Weekend Reads: “The Cooking Gene”
Hi, friends. I think this is one of the most important books I’ve ever read. Be sure to check it out for yourselves!
My rating: 5 of 5 stars
I almost don’t know where to start this review. Like the author, I have been a first-person cultural interpreter. Like the author, I am interested in foodways of all sorts.
Unlike the author, I can’t trace any amazing connection between the entire history of the United States and the foodways of his enslaved ancestors … all the way back to Africa. That’s just what Michael W. Twitty has done in this book, which is part memoir, part sociology text, and part cookery book.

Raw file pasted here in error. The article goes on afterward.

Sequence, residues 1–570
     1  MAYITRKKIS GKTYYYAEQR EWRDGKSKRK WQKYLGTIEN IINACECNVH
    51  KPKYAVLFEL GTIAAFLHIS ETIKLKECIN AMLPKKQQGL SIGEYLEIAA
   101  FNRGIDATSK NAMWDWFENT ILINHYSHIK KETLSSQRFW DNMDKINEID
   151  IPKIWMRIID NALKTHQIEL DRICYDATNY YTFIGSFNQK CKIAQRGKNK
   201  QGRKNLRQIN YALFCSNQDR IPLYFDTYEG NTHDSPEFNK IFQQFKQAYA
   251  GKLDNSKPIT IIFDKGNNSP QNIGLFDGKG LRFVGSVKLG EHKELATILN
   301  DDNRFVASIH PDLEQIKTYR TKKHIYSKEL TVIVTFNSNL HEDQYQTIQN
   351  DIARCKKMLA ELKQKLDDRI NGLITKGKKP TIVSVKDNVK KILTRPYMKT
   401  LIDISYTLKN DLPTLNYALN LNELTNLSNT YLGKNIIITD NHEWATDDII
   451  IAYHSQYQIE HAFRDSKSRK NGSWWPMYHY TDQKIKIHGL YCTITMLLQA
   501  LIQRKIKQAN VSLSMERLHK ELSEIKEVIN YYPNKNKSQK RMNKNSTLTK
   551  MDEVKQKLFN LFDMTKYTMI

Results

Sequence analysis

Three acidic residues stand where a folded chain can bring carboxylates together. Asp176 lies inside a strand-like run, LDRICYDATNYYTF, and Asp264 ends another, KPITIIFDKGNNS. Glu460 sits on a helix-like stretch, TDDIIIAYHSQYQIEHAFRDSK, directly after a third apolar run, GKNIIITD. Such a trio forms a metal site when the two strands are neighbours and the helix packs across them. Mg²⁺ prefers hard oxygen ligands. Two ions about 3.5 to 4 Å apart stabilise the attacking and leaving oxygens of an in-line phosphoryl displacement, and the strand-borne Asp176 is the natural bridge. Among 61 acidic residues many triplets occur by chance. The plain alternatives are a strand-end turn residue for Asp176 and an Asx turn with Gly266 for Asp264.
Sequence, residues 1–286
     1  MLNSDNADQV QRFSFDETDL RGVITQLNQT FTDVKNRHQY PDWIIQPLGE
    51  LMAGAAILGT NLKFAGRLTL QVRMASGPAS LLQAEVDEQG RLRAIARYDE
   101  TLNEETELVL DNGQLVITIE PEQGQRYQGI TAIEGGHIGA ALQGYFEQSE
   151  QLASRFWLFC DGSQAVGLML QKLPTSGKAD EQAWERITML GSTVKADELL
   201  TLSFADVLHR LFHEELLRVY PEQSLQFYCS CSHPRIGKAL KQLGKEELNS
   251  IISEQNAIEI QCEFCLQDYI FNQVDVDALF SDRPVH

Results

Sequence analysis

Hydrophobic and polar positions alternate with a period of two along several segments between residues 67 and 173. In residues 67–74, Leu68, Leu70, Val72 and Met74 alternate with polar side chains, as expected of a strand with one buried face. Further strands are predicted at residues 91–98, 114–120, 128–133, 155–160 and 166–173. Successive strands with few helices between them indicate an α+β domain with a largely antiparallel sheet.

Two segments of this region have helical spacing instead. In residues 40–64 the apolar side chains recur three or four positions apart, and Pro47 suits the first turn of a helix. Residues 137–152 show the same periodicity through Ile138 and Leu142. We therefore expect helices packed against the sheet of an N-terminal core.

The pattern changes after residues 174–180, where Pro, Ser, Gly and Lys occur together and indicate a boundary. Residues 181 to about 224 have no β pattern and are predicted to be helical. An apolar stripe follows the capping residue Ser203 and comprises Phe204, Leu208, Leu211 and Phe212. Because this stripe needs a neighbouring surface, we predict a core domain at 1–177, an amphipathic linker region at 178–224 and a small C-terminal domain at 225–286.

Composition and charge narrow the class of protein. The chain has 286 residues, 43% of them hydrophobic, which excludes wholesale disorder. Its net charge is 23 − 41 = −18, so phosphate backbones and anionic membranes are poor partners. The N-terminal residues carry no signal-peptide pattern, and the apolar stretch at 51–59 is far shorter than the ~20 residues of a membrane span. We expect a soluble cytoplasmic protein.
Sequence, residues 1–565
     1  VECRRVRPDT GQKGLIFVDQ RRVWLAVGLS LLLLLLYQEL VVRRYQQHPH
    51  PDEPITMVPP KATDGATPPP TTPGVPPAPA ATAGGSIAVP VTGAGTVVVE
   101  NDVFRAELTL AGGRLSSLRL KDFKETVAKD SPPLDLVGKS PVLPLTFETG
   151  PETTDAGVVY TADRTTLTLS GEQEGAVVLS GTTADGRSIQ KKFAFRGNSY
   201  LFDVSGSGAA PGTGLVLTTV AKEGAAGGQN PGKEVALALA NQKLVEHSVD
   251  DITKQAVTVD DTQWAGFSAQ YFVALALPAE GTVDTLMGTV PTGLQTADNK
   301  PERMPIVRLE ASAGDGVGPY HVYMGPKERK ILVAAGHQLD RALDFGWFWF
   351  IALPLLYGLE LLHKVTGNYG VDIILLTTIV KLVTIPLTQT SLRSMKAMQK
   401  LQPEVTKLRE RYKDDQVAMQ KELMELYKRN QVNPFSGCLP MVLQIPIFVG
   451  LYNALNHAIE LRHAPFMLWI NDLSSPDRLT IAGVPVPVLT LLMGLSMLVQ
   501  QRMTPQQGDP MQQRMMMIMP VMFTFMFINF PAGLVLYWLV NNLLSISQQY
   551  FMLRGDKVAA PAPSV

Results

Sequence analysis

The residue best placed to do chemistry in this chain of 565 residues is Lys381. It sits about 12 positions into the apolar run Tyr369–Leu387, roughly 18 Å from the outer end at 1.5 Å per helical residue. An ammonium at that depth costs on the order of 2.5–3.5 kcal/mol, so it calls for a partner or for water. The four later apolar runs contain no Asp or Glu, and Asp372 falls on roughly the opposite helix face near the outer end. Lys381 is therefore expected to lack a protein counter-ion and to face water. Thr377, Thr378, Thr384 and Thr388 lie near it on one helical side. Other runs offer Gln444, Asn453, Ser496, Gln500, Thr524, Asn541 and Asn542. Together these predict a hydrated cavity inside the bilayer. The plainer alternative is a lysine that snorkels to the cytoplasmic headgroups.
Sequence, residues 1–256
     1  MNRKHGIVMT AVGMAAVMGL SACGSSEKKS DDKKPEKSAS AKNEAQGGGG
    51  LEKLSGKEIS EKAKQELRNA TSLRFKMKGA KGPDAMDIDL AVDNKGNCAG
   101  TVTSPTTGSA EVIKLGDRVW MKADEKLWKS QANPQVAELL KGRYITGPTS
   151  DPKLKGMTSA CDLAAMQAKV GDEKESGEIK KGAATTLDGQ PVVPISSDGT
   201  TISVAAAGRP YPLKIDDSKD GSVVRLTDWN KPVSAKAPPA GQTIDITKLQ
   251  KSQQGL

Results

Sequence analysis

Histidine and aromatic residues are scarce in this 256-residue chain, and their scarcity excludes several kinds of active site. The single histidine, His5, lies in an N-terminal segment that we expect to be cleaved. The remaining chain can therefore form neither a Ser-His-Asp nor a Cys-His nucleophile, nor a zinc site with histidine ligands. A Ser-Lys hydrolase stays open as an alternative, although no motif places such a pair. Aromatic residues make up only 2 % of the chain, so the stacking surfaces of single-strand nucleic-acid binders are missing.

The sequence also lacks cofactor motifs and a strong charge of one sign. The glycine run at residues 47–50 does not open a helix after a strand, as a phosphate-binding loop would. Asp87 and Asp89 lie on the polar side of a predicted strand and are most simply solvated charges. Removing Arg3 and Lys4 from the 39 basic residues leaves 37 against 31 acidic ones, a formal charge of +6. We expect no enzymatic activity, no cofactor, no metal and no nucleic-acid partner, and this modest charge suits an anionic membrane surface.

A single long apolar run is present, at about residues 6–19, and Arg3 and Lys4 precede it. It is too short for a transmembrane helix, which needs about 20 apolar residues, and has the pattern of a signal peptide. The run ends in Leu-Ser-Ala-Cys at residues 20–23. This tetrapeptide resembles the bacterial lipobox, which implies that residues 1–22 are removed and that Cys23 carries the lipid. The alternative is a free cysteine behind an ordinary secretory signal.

In between familial stories, geneology, and history lessons, Twitty talks about food and how it connects people. One of the things I learned in studying anthropology is that culture is carried via three methods: language, music, and food. Twitty focuses on the latter to show how much of what we now consider soul food (e.g., hoppin’ John) has its origins in the Senegambian, Ghanian, Nigerian, Yoruban, and other tribal regions from which slaves were taken.
There are also some family recipes interspersed with the text, and I plan to try several of them. But that’s not the point.
I was fascinated by this deep dive into Southern foodways and their origins. Twitty has not only done his homework, he’s put it into use making meals with heirloom ingredients and antiquated technologies to learn how his ancestors ate and how it influences the cuisine of the South today.